19. The method of claim 18 further comprising, before the soldering to the third structure, placing a third solder on the third structure, wherein prior to the soldering of the first structure to the third structure, the first solder's melting temperature is not higher than the third solder's melting temperature, but during the soldering of the first structure to the third structure a material from at least one of the first and third structures dissolves in the first solder to raise the first solder's melting temperature and make it higher than the third solder's melting temperature.
20. The method of claim 19 wherein the first, second and third solders are initially identical materials.
21. The method of claim 15 wherein the first and second solders are eutectic.
22. The method of claim 15 wherein the second solder's melting temperature after the soldering operation is the second solder's liquidus temperature.
23. The method of claim 15 wherein each of said melting temperatures of a solder is a temperature in the range between a solidus and a liquidus of the solder.
BACKGROUND OF THE INVENTION
The present invention relates to packaging of integrated circuits and to soldering methods.
Integrated circuit dies (“chips”) can be attached to a lead frame and then packaged in a ceramic or plastic carrier. The leads of the lead frame can then be soldered to a printed circuit board (PCB). Alternatively, the chip can be soldered directly to the PCB (“flip chip” packaging). The flip chip packaging reduces the package size and shortens the electrical connections between the die and the PCB, but the flip chip packaging is vulnerable to solder failures caused by thermal expansion and contraction. The solder failures are due to the differences in the coefficient of thermal expansion (CTE) between the die and the PCB.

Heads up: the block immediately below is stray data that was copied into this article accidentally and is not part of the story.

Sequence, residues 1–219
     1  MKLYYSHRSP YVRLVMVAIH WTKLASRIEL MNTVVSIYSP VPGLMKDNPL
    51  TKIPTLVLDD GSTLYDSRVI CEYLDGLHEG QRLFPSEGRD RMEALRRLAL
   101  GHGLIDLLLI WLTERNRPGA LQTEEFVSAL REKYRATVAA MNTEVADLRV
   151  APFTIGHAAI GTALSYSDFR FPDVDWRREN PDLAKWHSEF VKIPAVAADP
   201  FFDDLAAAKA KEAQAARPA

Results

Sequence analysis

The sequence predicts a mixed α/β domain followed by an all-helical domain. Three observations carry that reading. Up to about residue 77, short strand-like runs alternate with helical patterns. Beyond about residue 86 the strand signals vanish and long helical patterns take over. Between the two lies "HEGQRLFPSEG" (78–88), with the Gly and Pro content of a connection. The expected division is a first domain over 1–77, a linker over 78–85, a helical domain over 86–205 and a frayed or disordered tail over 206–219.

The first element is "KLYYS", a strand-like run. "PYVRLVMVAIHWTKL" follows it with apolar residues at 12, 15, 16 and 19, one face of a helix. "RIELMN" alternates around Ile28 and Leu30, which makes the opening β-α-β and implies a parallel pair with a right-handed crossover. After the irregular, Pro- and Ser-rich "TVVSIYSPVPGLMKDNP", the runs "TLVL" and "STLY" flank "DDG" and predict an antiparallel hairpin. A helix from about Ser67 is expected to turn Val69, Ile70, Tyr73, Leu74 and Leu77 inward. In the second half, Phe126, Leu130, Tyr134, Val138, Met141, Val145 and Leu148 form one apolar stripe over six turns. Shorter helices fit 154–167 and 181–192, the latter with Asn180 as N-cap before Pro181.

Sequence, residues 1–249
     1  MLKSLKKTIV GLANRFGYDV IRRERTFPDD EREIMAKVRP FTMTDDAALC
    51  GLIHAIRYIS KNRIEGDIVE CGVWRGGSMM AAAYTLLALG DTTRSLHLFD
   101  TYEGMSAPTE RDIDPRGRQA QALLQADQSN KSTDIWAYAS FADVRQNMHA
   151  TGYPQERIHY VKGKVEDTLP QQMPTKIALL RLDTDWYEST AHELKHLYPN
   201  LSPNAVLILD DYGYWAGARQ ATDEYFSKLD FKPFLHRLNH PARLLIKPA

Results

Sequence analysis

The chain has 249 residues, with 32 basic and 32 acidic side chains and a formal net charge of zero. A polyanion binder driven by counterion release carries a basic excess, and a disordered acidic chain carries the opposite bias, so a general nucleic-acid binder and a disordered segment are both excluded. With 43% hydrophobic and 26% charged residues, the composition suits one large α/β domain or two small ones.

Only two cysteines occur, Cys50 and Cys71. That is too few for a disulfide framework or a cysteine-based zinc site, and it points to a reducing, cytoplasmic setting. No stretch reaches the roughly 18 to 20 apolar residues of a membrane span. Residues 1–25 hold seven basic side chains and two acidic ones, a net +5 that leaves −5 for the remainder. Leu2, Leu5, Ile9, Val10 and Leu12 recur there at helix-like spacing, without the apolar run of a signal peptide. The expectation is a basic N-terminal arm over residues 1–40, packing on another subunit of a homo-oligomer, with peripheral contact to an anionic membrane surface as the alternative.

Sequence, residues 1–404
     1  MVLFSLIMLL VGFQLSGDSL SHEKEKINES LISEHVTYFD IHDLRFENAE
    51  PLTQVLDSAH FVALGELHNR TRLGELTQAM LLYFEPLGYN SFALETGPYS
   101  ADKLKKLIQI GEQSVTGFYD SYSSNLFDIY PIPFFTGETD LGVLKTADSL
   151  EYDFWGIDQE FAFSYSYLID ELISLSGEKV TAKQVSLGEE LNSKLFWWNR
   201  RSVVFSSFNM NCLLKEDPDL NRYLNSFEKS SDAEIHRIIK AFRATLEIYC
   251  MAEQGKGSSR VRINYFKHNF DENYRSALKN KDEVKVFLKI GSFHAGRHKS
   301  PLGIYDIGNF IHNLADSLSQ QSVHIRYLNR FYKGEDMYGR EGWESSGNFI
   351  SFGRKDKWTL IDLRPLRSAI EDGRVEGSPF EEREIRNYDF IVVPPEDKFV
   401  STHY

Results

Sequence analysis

The CTE mismatch has been addressed by providing an intermediate substrate between the die and the PCB, with an intermediate CTE. For example, in a ball grid array (BGA) package, the die is flip-chip attached to the intermediate substrate (“BGA substrate”), and the BGA substrate is soldered to the PCB. The BGA substrate provides interconnect lines between the die and the PCB. A silicon die may have a CTE of about 2.7 ppm/° C. (parts per million per degree Centigrade); a PCB made of FR4 can have a CTE of about 20 ppm/° C.; a BGA substrate made from BT (bis-maleimide triazine) has a CTE of about 16 ppm/° C., and a BGA substrate made from ceramic has a CTE of about 9 ppm/° C.
In addition to reducing the thermal stresses, the intermediate substrate may allow a smaller die size by allowing the die to have smaller contact pads with a reduced pitch. The minimum size and pitch of the die's contact pads is limited by the size and pitch of the contact pads on the substrate to which the die is attached. For example, if the die is flip-chip bonded to a BT substrate, the size and pitch of the die's contact pads can be smaller than if the die is attached to an FR4 substrate (PCB).
The intermediate substrate may also reduce the PCB area taken by the die because the intermediate substrate may redistribute the die's contact pads. The position of the die's contact pads is restricted by the die's circuitry. The BGA substrate's contact pads that are bonded to the PCB are not restricted by the die's circuitry. For example, the die may have contact pads only on the periphery, but the BGA substrate's contact pads attached to the PCB may be evenly distributed over the BGA area.